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‘There’s so many fake people on there’: Marcus Rashford calls social media ‘a cloud of negativity’

Marcus Rashford has called social media ‘a cloud of negativity’ and admitted he tries to avoid using it.

The footballer, 23, boasts 10million followers on Instagram but thinks young children should probably steer clear of it and other platforms until they’re older.

Marcus appeared on Monday’s episode of Lorraine where he was interviewed by former Love Island star Dr Alex George while in his old primary school Button Lane Primary School in Manchester. 

Opinion: Marcus Rashford has called social media ‘a cloud of negativity’ and admitted he tries to avoid using it

He said: ‘Everyone is different and everyone’s journey to success is different. I don’t really agree with kids being on social media 24/7, there’s so many fake people on there it’s ridiculous. 

‘I’m 23 and I don’t use it in that way. I use it to promote positive changes, other than that I don’t go on it, it’s like a cloud of negativity.’

Marcus also spoke about having role models, saying he wanted to be just like Wayne Rooney as a kid. 

Alex asked him: ‘Is it important to have someone to look up to?’ 

Marcus replied: ‘I always wanted to be like Wayne Rooney and then it got to 13, 14 and was like, is there much point in being Wayne Rooney number two?’ 

Interview: The footballer, 23, boasts 10million followers on Instagram but thinks young children should probably steer clear of it and other platforms until they're older

Interview: The footballer, 23, boasts 10million followers on Instagram but thinks young children should probably steer clear of it and other platforms until they’re older

Candid: Marcus appeared on Monday's episode of Lorraine where he was interviewed by former Love Island star Dr Alex George while in his old primary school Button Lane Primary School in Manchester

 Candid: Marcus appeared on Monday’s episode of Lorraine where he was interviewed by former Love Island star Dr Alex George while in his old primary school Button Lane Primary School in Manchester

‘So I think bringing your own personality and your own characteristics is a massive thing, but to have a role model to guide you is just as important.’

Dr Alex said: ‘I’ve been a huge fan of your work and what you’ve done with the Child Food Poverty campaign has been incredible. 

‘Must’ve been tough at times, but you’ve got to be proud of what you’ve achieved.’

To which Marcus responded: ‘The biggest thing that I’m proud of is the way that people’s local communities have just started to do things off their own backs, to try and help people in their local area, regardless of me saying anything or doing anything. To me, that’s what makes me happy and that’s what makes me smile.’

Marcus said: 'Everyone is different and everyone's journey to success is different. I don't really agree with kids being on social media 24/7, there's so many fake people on there it's ridiculous'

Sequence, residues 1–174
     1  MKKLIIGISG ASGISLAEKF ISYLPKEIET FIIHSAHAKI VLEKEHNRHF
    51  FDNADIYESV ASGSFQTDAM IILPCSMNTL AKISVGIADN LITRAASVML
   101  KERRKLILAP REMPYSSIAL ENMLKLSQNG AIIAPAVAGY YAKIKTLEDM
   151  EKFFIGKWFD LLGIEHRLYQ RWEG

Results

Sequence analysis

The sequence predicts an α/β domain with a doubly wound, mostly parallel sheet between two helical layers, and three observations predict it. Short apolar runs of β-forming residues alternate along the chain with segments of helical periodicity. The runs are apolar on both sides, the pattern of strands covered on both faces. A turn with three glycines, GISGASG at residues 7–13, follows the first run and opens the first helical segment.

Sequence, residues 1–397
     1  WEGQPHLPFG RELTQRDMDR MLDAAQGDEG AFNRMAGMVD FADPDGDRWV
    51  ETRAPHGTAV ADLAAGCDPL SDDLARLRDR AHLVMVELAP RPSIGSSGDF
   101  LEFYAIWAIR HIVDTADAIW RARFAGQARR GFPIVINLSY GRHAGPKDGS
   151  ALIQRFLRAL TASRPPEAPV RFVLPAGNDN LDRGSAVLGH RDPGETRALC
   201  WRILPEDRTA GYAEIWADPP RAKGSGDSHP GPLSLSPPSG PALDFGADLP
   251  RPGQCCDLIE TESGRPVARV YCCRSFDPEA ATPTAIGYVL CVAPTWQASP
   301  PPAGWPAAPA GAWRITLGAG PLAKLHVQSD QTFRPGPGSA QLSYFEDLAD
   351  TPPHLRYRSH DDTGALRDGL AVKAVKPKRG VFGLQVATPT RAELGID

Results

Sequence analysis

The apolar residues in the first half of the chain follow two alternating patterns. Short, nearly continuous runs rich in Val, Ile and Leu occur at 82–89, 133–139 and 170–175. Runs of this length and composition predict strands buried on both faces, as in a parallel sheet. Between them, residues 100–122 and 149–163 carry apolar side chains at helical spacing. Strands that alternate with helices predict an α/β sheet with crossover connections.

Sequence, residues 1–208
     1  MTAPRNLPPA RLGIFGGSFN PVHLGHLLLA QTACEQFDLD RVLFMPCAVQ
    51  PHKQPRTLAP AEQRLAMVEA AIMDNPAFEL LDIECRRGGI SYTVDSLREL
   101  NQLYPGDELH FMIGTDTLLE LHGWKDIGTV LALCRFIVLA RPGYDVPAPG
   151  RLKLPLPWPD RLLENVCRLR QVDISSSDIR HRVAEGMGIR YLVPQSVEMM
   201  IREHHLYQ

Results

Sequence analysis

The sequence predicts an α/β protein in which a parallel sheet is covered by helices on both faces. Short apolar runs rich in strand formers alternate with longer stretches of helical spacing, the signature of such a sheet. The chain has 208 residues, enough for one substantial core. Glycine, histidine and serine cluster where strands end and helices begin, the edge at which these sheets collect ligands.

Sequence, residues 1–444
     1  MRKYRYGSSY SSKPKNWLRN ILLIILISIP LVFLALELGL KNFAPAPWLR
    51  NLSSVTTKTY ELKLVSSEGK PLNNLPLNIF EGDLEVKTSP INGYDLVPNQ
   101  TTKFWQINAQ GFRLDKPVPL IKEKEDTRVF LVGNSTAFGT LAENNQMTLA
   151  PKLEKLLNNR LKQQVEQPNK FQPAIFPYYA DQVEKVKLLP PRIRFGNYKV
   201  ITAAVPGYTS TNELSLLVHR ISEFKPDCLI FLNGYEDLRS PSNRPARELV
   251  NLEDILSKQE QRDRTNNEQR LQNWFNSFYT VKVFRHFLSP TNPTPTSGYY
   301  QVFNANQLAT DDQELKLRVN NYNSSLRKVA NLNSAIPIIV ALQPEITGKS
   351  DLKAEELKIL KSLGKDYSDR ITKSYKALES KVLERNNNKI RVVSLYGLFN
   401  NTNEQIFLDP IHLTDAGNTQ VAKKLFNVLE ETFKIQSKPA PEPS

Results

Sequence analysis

Marcus said: ‘Everyone is different and everyone’s journey to success is different. I don’t really agree with kids being on social media 24/7, there’s so many fake people on there it’s ridiculous’

Asked why the campaign is so important to him, Marcus explained: ‘The main reason is because what we’re speaking about is something I went through.

‘I want to give kids the opportunity to find success coming out of similar backgrounds to where I come from.’

On what would be his dream, Marcus admitted: ‘People have youth centres, as a kid I always went to youth centres… and currently I’m building a few in my local area, and they are more lifestyle centres where you can learn to cook or do sports. 

‘Whatever it is that they want to do, I want to try and make it available for them to be able to go there for one or two hours a day and really work on something that they want to become in the future.’     

He added: 'I'm 23 and I don't use it in that way. I use it to promote positive changes, other than that I don't go on it, it's like a cloud of negativity'

He added: ‘I’m 23 and I don’t use it in that way. I use it to promote positive changes, other than that I don’t go on it, it’s like a cloud of negativity’

Commenting on how he found school, Marcus said: ‘School was great, I used to really enjoy coming to school. I try and come back here as often as I can to be honest. 

‘Mainly for the kids, because they see someone who was in their shoes and compare it to where I am now. And they start to believe that it’s possible, and sometimes a little bit of belief is all that they need.’

Moving on to discuss his children’s books, he added: ‘My mum used to try and shelter me from certain things, but it just wasn’t possible because I was always out with my friends and stuff. We experience things along our journey of being kids and that’s made us into who we are today.

‘The books, it’s to help people become comfortable with meeting obstacles. If I could change one thing about my upbringing, it would be to make sure I read more books. 

‘Because of books it’s sped up that transition of being mentally strong and having that mental toughness to go out and show the world who you are.’

Continuing to speak about his time at school, Marcus shared: ‘One of the biggest things for me was stability. 

‘I used to get my stability from school and when I was training with United. They were my only two stable things.’

Lorraine airs weekdays from 9am on ITV and on ITV Hub.

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